The XB-15 was also designed - and built - and flown - as a bomber; so was the XB-19. Neither was developed into an operational aircraft; neither was the Me 264. So, functional equivalent.SpicyJuan wrote: ↑24 Apr 2021 22:59The Me 264 was not designed as a test aircraft, it was designed as a bomber from the outset and a limited series production was planned multiple times but cancelled due to limited German resources, the worsening war situation, and allied bombing.daveshoup2MD wrote: ↑24 Apr 2021 22:34In terms of a test aircraft that was used to try and figure out what a heavy bomber could or would do, what is the difference between the Me 264 program and the XB-15 program, in your opinion? Both were, essentially, operational test and design evaluation programs, and neither one resulted in an operational combat aircraft, much less an operational combat force. At least the Italians managed that with the P-108, albeit with very little success.
The Ju 390 was, essentially, the outgrowth of a modified transport aircraft, and demonstrates the design compromises such a project will always result in, given the significant differences between on and the other, as does the Japanese effort to turn out a strategic bomber based on the DC-4E airframe.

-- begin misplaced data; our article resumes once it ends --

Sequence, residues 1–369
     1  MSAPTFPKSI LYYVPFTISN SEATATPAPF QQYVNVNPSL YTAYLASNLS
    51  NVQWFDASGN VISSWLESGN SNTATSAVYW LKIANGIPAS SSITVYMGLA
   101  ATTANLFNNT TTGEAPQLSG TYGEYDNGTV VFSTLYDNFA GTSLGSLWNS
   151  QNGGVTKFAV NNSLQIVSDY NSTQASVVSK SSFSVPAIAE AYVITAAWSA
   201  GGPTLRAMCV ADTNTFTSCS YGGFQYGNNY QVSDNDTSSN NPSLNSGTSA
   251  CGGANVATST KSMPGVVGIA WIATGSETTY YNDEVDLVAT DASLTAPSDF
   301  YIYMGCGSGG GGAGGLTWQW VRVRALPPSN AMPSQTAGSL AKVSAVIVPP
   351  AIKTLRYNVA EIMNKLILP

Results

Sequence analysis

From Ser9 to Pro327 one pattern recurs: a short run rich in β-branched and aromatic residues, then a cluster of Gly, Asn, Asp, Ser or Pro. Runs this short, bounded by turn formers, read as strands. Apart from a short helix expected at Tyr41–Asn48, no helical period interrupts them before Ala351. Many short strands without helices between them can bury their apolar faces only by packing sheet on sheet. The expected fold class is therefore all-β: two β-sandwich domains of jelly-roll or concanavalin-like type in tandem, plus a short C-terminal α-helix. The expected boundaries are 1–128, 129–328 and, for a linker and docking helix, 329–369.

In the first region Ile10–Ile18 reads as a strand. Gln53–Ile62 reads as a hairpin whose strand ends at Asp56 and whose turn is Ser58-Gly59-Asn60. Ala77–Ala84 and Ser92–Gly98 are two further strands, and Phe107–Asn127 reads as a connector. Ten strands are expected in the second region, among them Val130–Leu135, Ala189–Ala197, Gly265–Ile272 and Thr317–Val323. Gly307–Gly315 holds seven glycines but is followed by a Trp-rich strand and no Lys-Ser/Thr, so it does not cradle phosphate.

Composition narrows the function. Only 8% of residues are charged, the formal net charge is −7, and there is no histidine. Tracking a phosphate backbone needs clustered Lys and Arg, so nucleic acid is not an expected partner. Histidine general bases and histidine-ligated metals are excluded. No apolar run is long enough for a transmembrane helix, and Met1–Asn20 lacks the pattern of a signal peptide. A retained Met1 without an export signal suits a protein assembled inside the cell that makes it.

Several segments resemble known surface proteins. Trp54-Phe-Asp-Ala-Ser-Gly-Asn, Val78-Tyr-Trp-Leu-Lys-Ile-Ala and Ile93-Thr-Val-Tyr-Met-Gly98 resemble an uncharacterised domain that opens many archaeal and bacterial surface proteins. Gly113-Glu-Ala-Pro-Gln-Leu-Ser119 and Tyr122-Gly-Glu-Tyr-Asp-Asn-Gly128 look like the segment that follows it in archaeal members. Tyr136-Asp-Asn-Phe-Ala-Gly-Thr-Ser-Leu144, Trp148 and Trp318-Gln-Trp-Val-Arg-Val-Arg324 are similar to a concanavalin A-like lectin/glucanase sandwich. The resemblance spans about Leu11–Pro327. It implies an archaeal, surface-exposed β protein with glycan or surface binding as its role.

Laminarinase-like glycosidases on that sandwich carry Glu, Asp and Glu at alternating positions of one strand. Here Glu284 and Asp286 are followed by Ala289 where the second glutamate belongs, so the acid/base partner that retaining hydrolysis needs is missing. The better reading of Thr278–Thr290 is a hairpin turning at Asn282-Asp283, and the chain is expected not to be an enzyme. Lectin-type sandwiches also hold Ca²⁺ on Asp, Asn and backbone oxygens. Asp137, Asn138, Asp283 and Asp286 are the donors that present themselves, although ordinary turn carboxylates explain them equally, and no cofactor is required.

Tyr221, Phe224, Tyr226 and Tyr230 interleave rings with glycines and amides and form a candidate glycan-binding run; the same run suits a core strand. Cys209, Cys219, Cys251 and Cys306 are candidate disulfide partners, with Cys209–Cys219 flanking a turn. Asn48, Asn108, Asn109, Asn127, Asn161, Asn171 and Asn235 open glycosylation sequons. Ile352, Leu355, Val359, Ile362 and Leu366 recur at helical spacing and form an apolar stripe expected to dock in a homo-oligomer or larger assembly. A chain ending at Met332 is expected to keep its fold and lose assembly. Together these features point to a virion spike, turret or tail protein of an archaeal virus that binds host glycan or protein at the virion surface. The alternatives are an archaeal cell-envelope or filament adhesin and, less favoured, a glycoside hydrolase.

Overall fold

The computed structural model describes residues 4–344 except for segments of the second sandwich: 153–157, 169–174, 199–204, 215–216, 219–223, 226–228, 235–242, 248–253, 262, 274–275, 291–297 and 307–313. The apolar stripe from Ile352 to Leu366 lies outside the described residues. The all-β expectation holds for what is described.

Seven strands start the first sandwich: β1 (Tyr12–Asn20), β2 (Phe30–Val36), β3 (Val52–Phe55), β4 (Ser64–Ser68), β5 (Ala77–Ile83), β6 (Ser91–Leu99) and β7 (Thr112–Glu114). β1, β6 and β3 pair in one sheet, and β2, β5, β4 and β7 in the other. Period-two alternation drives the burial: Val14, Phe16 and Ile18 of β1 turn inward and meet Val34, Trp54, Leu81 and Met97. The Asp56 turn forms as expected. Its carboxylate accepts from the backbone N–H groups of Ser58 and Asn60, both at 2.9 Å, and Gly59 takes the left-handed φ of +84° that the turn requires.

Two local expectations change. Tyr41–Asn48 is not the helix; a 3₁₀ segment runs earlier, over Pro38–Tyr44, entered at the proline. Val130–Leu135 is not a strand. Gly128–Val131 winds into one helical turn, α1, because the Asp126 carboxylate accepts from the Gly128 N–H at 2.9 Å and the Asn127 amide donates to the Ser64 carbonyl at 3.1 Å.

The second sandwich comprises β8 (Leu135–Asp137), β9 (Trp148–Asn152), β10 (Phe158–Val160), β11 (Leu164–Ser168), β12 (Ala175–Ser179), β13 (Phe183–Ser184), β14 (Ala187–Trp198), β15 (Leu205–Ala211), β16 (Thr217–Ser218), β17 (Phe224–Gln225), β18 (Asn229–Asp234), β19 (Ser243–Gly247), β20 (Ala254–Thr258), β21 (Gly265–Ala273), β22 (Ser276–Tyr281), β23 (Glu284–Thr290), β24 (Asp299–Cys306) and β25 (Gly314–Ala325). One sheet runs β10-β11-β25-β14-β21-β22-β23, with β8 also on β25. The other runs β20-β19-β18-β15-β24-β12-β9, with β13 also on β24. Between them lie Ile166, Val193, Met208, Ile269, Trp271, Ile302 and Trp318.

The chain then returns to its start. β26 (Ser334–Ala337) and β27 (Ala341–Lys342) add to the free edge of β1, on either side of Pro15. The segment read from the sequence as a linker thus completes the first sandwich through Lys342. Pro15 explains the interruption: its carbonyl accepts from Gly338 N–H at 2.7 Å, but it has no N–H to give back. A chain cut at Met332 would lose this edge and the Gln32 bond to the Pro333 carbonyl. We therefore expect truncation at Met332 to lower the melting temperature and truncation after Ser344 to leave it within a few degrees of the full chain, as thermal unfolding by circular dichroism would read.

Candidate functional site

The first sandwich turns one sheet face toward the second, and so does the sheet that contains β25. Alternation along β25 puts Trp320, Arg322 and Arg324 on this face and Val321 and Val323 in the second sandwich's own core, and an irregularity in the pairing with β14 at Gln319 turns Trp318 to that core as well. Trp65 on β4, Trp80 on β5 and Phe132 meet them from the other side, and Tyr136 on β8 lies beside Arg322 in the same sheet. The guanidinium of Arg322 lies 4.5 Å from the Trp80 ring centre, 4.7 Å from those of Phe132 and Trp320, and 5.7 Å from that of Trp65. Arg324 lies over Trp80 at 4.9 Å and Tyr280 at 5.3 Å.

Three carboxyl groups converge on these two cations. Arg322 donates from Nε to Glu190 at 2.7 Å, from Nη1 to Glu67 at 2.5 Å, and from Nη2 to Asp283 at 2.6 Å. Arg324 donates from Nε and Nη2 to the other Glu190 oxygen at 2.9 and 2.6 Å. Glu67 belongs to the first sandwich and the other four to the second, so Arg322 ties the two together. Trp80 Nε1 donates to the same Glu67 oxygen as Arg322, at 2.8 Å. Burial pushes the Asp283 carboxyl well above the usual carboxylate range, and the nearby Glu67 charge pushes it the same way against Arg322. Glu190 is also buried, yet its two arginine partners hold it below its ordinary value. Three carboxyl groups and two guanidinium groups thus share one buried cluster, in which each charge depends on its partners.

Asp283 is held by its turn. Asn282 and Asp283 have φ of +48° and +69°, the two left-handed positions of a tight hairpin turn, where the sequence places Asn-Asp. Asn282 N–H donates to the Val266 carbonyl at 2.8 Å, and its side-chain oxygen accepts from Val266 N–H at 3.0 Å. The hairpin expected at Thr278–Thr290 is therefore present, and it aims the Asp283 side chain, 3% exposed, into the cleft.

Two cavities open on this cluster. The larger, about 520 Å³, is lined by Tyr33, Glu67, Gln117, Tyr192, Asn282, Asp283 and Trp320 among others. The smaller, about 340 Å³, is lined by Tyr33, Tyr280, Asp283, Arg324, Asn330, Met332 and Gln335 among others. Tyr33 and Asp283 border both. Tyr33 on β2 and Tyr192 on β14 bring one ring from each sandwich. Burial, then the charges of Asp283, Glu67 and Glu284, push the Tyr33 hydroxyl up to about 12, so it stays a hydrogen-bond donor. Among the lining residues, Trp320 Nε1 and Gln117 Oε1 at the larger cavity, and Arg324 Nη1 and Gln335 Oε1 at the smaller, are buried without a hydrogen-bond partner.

If you want to play that game, technically the Ju 390 was a further develop of the Ju 290, which itself was a development of the Ju 90 which was the development of the Ju 89, a bomber. This is all meaningless, however. The Ju 390 was significantly modified from the Ju 290 and was intended from the outset as a bomber.
In terms of paper designs, the American XB-20 - a modernized B-15 with more powerful engines - looks promising for its day, but it was supplanted by the B-29, which was more technically advanced than anything else developed in the same period. Again, functionally equivalent to the majority of German heavy bomber projects ... except for the fact the American designs that went into production in (roughly) 1935-45 - the B-17, B-24, B-29, B-32, and PB4Y - were all significantly more capable than anything the Germans came up with as contemporaries in the same period, most notably the He177. So were, for that matter, the Short Stirling, Handley-Page Halifax, and Avro Lancaster. So was the P108, for that matter.
Take any of the German designs that actually flew and put them in order by the year of the prototype's first flight. Then put their contemporaries in order by the same. Then compare, in terms of whatever criteria you value - bombload, range, speed, etc. Yuo'll have an answer.